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11.
New insights into autophagic cell death in the gypsy moth Lymantria dispar: a proteomic approach.
Davide Malagoli, Federica Boraldi, Giulia Annovi, Daniela Quaglino, Enzo Ottaviani, 2009, original scientific article

Abstract: Autophagy is an evolutionary ancient process based on the activity of genes conserved from yeast to metazoan taxa. Whereas its role as a mechanism to provide energy during cell starvation is commonly accepted, debate continues about the occurrence of autophagy as a means specifically activated to achieve cell death. The IPLB-LdFB insect cell line, derived from the larval fat body of the lepidoptera Lymantria dispar, represents a suitable model to address this question, as both autophagic and apoptotic cell death can be induced by various stimuli. Using morphological and functional approaches, we have observed that the culture medium conditioned by IPLB-LdFB cells committed to death by the ATPase inhibitor oligomycin A stimulates autophagic cell death in untreated IPLB-LdFB cells. Moreover, proteomic analysis of the conditioned media suggests that, in IPLB-LdFB cells, oligomycin A promotes a shift towards lipid metabolism, increases oxidative stress and specifically directs the cells towards autophagic activity.
Keywords: Autophagic cell death, Fat body, IDGF, IPLB-LdFB, Proteomics
Published in RUNG: 23.08.2019; Views: 3172; Downloads: 0
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12.
A long-term study on female mice fed on a genetically modified soybean: effects on liver ageing.
Manuela Malatesta, Federica Boraldi, Giulia Annovi, Beatrice Baldelli, Serafina Battistelli, Marco Baggiogera, Daniela Quaglino, 2008, original scientific article

Abstract: Liver represents a suitable model for monitoring the effects of a diet, due to its key role in controlling the whole metabolism. Although no direct evidence has been reported so far that genetically modified (GM) food may affect health, previous studies on hepatocytes from young female mice fed on GM soybean demonstrated nuclear modifications involving transcription and splicing pathways. In this study, the effects of this diet were studied on liver of old female mice in order to elucidate possible interference with ageing. The morpho-functional characteristics of the liver of 24-month-old mice, fed from weaning on control or GM soybean, were investigated by combining a proteomic approach with ultrastructural, morphometrical and immunoelectron microscopical analyses. Several proteins belonging to hepatocyte metabolism, stress response, calcium signalling and mitochondria were differentially expressed in GM-fed mice, indicating a more marked expression of senescence markers in comparison to controls. Moreover, hepatocytes of GM-fed mice showed mitochondrial and nuclear modifications indicative of reduced metabolic rate. This study demonstrates that GM soybean intake can influence some liver features during ageing and, although the mechanisms remain unknown, underlines the importance to investigate the long-term consequences of GM-diets and the potential synergistic effects with ageing, xenobiotics and/or stress conditions.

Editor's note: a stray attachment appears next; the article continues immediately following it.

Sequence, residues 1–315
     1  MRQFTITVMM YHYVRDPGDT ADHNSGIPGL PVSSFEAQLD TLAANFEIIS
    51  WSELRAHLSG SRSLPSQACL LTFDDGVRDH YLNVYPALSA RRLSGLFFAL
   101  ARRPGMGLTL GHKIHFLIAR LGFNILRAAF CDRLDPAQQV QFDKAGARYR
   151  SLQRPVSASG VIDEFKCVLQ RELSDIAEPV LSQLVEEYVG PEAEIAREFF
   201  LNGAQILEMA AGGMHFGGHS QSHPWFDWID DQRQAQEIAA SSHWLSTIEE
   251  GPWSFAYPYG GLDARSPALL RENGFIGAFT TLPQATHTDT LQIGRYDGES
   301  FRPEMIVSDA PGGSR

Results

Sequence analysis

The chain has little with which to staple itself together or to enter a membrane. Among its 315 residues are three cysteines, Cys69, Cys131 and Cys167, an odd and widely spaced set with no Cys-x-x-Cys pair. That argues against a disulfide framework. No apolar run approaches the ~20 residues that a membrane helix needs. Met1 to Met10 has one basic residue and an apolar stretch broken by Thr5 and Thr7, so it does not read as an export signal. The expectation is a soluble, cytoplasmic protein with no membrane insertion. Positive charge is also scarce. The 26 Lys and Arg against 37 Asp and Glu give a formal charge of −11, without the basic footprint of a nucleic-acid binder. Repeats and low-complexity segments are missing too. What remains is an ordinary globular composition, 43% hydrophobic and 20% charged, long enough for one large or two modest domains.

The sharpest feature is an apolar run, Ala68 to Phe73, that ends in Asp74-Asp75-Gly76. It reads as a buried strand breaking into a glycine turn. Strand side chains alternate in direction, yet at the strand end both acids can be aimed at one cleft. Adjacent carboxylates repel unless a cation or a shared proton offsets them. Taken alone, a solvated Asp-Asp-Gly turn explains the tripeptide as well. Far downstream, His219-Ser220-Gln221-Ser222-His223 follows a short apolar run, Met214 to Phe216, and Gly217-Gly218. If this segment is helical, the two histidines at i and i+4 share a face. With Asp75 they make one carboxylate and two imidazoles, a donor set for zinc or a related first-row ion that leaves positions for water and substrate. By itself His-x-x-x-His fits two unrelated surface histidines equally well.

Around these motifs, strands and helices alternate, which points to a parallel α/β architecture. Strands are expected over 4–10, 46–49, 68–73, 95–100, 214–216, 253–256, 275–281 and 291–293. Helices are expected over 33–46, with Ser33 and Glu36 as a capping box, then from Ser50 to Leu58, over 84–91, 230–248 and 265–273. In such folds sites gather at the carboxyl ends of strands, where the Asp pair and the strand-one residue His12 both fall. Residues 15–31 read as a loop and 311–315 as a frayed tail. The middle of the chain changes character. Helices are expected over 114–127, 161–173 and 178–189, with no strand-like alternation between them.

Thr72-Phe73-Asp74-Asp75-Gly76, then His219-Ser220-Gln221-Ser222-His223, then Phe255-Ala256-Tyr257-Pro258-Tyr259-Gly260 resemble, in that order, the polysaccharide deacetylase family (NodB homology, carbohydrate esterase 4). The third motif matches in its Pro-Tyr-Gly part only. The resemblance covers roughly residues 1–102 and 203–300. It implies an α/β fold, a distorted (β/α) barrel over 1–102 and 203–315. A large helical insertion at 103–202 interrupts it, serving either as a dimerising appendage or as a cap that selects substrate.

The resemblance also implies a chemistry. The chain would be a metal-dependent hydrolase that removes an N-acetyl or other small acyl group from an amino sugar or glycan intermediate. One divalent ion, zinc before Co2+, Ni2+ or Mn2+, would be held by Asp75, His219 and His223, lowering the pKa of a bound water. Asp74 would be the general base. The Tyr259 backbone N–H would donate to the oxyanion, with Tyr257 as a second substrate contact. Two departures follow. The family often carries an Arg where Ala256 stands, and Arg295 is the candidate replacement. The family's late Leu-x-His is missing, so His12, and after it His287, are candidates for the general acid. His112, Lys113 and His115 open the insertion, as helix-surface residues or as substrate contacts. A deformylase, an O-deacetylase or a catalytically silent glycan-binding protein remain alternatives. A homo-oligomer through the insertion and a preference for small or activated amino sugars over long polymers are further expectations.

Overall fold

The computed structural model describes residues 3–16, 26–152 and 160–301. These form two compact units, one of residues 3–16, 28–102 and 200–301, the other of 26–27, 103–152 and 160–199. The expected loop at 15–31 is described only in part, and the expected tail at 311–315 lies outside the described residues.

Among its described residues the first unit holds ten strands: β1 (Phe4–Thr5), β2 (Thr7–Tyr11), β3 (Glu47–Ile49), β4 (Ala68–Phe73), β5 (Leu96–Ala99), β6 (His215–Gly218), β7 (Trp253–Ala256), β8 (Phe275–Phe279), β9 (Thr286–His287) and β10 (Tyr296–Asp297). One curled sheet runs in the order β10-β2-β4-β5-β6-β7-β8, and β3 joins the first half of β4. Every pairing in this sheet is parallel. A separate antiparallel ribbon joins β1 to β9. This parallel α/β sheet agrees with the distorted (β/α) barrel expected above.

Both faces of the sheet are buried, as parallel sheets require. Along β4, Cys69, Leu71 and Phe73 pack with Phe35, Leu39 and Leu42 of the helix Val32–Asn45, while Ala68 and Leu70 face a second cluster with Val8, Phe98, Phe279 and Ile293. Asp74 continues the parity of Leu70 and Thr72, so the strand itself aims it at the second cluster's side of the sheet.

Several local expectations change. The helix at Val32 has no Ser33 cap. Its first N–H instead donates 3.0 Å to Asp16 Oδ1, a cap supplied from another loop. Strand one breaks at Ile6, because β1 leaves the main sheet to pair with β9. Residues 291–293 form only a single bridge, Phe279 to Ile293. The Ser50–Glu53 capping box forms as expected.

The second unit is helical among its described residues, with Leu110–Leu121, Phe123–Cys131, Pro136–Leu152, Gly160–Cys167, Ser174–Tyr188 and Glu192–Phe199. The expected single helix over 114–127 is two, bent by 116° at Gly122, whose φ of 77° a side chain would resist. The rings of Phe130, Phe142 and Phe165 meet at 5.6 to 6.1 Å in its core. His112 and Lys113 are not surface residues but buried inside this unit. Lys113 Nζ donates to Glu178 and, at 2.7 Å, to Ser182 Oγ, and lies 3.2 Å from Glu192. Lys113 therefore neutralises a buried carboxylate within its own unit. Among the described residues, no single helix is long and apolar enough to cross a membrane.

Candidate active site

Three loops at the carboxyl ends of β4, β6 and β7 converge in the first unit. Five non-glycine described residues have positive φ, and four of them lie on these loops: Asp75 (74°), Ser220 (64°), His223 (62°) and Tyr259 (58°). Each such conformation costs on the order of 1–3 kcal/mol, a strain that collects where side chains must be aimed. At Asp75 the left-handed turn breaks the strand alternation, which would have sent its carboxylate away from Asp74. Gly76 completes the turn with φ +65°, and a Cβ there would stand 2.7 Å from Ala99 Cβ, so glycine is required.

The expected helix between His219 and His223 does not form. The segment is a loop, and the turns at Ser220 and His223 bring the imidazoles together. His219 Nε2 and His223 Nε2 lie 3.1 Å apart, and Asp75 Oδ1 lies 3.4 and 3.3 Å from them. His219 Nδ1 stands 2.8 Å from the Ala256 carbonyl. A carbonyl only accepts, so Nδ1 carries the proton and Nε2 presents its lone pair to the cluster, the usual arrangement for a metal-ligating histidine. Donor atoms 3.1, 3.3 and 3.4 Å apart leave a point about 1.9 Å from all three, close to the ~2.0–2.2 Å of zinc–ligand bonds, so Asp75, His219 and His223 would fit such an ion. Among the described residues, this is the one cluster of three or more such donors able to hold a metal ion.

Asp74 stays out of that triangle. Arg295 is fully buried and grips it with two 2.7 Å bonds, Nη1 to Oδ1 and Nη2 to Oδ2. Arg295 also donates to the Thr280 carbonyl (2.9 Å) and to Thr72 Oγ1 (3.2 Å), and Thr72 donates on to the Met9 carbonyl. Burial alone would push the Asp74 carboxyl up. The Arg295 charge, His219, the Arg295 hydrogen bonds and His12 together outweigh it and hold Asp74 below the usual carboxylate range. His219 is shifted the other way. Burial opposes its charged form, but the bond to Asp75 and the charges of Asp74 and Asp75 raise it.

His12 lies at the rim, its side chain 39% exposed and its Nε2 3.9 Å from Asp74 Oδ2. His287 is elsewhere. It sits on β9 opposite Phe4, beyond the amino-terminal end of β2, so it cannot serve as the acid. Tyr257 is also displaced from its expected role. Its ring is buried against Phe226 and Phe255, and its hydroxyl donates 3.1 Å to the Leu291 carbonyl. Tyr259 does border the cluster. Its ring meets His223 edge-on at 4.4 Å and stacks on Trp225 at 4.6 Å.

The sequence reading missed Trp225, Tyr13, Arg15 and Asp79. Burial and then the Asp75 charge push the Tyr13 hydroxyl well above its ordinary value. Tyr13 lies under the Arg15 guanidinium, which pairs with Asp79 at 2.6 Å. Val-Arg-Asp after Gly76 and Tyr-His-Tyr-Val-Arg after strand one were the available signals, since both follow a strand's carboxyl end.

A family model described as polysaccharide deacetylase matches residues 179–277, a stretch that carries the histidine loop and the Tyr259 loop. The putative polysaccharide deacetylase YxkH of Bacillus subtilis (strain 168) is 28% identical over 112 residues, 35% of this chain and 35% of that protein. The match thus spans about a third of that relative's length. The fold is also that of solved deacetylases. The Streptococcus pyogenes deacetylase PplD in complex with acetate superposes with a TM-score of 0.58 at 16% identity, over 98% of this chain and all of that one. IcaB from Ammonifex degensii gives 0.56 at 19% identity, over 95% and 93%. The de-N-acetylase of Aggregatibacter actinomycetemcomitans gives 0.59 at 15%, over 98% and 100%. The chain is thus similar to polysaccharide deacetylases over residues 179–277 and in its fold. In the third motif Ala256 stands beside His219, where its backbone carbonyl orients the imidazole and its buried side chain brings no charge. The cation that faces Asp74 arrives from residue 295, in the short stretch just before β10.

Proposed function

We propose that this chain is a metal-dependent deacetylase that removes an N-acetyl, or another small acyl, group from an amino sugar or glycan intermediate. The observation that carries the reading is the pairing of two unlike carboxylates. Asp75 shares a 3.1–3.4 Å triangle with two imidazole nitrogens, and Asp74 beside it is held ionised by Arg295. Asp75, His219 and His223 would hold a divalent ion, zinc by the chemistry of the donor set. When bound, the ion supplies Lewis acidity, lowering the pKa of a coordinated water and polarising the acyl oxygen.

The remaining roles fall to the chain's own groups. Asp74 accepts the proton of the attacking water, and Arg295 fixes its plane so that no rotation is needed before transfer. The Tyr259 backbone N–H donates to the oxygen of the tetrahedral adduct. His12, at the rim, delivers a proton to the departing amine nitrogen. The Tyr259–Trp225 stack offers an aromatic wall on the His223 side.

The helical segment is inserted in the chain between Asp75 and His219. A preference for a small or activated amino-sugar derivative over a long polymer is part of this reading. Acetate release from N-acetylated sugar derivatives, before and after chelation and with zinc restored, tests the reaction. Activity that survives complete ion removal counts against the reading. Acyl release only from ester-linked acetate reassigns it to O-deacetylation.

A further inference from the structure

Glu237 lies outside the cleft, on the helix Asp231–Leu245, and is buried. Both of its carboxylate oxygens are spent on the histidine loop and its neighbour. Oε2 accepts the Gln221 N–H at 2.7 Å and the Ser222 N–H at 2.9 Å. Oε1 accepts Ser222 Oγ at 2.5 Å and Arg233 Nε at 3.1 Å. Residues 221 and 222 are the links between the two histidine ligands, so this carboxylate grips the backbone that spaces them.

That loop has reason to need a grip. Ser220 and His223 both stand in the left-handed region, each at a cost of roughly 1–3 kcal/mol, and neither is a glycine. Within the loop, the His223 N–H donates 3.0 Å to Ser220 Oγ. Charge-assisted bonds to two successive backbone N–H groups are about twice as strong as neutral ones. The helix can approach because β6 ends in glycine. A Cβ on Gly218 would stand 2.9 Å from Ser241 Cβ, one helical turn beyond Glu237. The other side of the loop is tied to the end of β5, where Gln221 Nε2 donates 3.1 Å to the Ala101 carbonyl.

Keywords: Genetically modified soybean, liver, mitochondria
Published in RUNG: 23.08.2019; Views: 3560; Downloads: 0
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13.
The effect of serum withdrawal on the protein profile of quiescent human dermal fibroblasts in primary cell culture.
Boraldi Federica, Annovi Giulia, Paolinelli Devincenzi Chiara, Tiozzo Roberta, Quaglino Daniela, 2008, original scientific article

Abstract: The effect of serum deprivation on proliferating cells is well known, in contrast its role on primary cell cultures, at confluence, has not been deeply investigated. Therefore, in order to explore the response of quiescent cells to serum deprivation, ubiquitous mesenchymal cells, as normal human dermal fibroblasts, were grown, for 48 h after confluence, in the presence or absence of 10% FBS. Fibroblast behaviour (i.e. cell morphology, cell viability, ROS production and elastin synthesis) was evaluated morphologically and biochemically. Moreover, the protein profile was investigated by 2-DE and differentially expressed proteins were identified by MS. Serum withdrawal caused cell shrinkage but did not significantly modify the total cell number. ROS production, as evaluated by the dihydroethidium (DH2) probe, was increased after serum deprivation, whereas elastin synthesis, measured by a colorimetric method, was markedly reduced in the absence of serum. By proteome analysis, 41 proteins appeared to significantly change their expression, the great majority of protein changes were related to the cytoskeleton, the stress response and the glycolytic pathway. Data indicate that human dermal fibroblasts in primary cell culture can adapt themselves to environmental changes, without significantly altering cell viability, at least after a few days of treatment, even though serum withdrawal represents a stress condition capable to increase ROS production, to influence cell metabolism and to interfere with cell behaviour, favouring the expression of several age-related features.